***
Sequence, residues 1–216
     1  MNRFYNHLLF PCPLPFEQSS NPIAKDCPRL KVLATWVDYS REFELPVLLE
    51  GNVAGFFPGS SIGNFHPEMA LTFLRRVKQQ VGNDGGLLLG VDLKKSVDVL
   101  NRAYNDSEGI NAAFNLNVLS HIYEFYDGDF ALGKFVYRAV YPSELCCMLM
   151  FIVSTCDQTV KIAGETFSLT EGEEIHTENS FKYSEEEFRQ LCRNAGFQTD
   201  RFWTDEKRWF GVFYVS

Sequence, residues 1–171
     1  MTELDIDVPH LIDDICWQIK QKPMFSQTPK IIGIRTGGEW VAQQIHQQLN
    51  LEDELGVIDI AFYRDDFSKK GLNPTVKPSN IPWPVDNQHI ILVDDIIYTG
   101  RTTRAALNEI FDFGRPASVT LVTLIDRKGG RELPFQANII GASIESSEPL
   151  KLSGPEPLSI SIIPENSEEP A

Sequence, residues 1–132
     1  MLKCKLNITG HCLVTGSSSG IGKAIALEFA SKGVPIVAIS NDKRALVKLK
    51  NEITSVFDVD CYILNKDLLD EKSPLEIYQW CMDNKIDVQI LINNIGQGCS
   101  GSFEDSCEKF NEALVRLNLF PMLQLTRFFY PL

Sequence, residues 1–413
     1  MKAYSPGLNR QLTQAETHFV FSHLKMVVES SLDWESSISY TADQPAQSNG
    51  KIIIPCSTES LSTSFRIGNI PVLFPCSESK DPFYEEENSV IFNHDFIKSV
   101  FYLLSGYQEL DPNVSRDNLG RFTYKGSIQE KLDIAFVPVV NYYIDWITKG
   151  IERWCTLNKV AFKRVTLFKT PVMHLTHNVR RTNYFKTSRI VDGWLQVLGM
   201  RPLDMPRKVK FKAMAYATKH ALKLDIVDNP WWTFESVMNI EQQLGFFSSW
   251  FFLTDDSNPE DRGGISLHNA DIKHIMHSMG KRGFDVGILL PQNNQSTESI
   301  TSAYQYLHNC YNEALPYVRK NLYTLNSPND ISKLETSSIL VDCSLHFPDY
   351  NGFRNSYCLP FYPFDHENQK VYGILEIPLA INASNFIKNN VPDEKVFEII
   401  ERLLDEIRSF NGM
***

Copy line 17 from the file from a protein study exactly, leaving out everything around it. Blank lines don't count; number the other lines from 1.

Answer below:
     1  MKAYSPGLNR QLTQAETHFV FSHLKMVVES SLDWESSISY TADQPAQSNG